The Curious Case of the Disposable Closers

First a shout out @C70. He helped me edit this post, and has been very helpful my entire time with UCB. Indeed, all of the UCB guys have been helpful, as have all of the fellow Cards fans I’ve made friends with on Twitter. Thank you all for your kindness!

On to the post.

This year, the Cardinals’ closer has been Trevor Rosenthal, but he has struggled a bit, and there’s a possibility he might be replaced as closer if his struggles continue. As you all know, Trevor himself replaced a closer (Edward Mujica) last year near the end of the season. This got me thinking: Do the Cardinals churn through their closers, or is this just a two year blip? And if they do, is it a common thing throughout baseball, or just a Cardinals problem?

To get a good sample size, I’m going to examine the last 11 seasons and see who the closers were, whether they maintained that role throughout that season and into the next season (and beyond) or not.

I don’t list anyone that has less than 7 saves, because, as managers always seem to say, closers need days off on occasion, generating a few saves for the 8th inning guy.

Closer(s)                  Saves

2004       Isringhausen           47
2005       Isringhausen           39
2006       Isringhausen           33
2007       Isringhausen           32
2008       Isringhausen           12
2008       Franklin                  17
2008       C. Perez                   7
2009       Franklin                  38
2010       Franklin                  27
2011       Salas                      24
2011       Motte                       9
2012       Motte                      42
2013       Mujica                     37
2014      Rosenthal                36 (and counting)

I’d forgotten how long Jason Isringhausen was our closer. He closed for us from 2002 until 2008, earning a majority of his 300 saves as a Cardinal.

That was followed by a couple of forgettable years of Ryan Franklin as closer. Then the churning really begins. Fernando Salas starts out as closer, only to have Jason Motte finish in the role, hold it for a full year, get injured, allowing Mujica to claim the role. What isn’t shown here is that Mujica faltered, allowing young Rosenthal to claim the closer role for the playoffs and this year. So four closers in five years for the Cards. Trevor is having a rough year this year, even with 36 saves currently. He’s blown four, and nearly blew another Sunday night when he couldn’t find the strike zone. If he keeps this up, he may be replaced too. Is this kind of closer churn common or a rarity?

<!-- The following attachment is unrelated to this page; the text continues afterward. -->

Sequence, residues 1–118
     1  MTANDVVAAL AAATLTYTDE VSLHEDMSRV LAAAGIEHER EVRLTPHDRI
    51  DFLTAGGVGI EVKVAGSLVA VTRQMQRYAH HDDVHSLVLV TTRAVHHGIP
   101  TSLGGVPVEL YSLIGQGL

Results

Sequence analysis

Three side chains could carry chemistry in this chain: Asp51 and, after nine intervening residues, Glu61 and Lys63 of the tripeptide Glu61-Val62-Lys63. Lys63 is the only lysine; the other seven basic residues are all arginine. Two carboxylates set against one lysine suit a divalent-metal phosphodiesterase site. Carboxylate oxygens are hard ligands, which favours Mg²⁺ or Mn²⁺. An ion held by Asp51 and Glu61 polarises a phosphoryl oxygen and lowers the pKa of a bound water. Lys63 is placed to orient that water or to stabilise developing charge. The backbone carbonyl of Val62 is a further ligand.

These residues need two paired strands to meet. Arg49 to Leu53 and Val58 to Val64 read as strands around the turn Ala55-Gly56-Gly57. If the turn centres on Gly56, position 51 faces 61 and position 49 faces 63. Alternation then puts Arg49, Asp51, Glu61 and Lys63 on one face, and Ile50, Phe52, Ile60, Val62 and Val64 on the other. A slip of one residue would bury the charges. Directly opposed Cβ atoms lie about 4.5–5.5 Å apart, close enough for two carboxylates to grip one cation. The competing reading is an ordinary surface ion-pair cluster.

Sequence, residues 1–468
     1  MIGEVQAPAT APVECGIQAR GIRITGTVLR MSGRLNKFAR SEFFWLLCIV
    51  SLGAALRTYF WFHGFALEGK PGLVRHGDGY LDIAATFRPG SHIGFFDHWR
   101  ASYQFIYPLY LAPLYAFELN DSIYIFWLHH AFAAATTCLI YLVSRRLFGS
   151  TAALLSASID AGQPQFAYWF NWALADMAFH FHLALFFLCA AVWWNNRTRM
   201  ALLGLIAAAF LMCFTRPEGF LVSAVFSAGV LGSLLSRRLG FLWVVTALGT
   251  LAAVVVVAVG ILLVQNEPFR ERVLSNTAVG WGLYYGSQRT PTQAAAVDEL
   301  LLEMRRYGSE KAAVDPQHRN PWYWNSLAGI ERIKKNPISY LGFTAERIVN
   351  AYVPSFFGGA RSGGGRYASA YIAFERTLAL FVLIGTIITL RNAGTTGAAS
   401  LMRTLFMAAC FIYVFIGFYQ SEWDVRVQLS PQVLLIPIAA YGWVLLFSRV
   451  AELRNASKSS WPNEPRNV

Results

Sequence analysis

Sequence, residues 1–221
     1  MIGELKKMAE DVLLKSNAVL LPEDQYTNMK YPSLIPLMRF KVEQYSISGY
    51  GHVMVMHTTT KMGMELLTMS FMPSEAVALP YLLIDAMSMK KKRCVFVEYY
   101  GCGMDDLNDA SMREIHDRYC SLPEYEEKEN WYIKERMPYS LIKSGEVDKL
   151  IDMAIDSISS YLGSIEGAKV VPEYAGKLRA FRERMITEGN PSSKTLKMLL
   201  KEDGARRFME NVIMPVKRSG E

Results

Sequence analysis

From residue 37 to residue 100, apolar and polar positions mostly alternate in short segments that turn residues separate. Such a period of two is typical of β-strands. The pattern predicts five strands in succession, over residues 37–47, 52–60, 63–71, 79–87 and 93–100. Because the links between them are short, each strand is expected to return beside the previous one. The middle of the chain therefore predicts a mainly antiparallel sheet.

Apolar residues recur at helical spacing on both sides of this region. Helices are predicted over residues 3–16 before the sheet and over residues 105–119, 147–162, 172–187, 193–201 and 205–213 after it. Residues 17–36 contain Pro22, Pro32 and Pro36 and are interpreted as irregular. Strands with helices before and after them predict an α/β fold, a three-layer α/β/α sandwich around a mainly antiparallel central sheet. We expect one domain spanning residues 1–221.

Let’s look at several teams for comparisons sake. I’ll focus on the last 5 years:


Closer(s)                     Saves

2010 Wagner                  37
2011 Kimbrel                   46
2012 Kimbrel                   42
2013 Kimbrel                   50
2014 Kimbrel                   37 (and counting)

Atlanta had a one year cameo by Billy Wagner in his last year. Craig Kimbrel stepped in the following year and hasn’t let up since. It should be noted that from 2009 to 2011, they had four closers in three years, with Rafael Soriano getting 27 saves in 2009 and Mike Gonzalez getting 10. So until Kimbrel, they were unstable.


Closer(s)                    Saves

2010 Kevin Gregg            37
2011 Frank Francisco      17
2011 Jon Rauch                11
2012 Casey Janssen         22
2013 Janssen                      34
2014 Janssen                      19

Another situation with some unstability before one guy settled into the role. One thing to keep in mind, there are two relievers with four saves (Aaron Loup and Brett Cecil) in addition to Janssen’s 19, so there may be some instability there this year.

Finally, let’s try a team that has recently won a pair of World Series.

San Francisco

Closer(s)                    Saves

2010 Wilson                     48
2011 Wilson                     36
2012 Casilla                     25
2012 Romo                      14
2013 Romo                      38
2014 Romo                      23
2014 Casilla                     10

Some instability here too. Brian Wilson was relatively stable, holding down the job from 2008 until 2011, when he got injured. Then Santiago Casilla split the role with Sergio Romo until Romo seized the role. Then he faltered a bit this year, opening the door back up for Casilla.

So aside from guys like Kimbrel, Mariano Rivera and Isringhausen, the closers role seems to be relatively unstable these days.

Thanks for reading.


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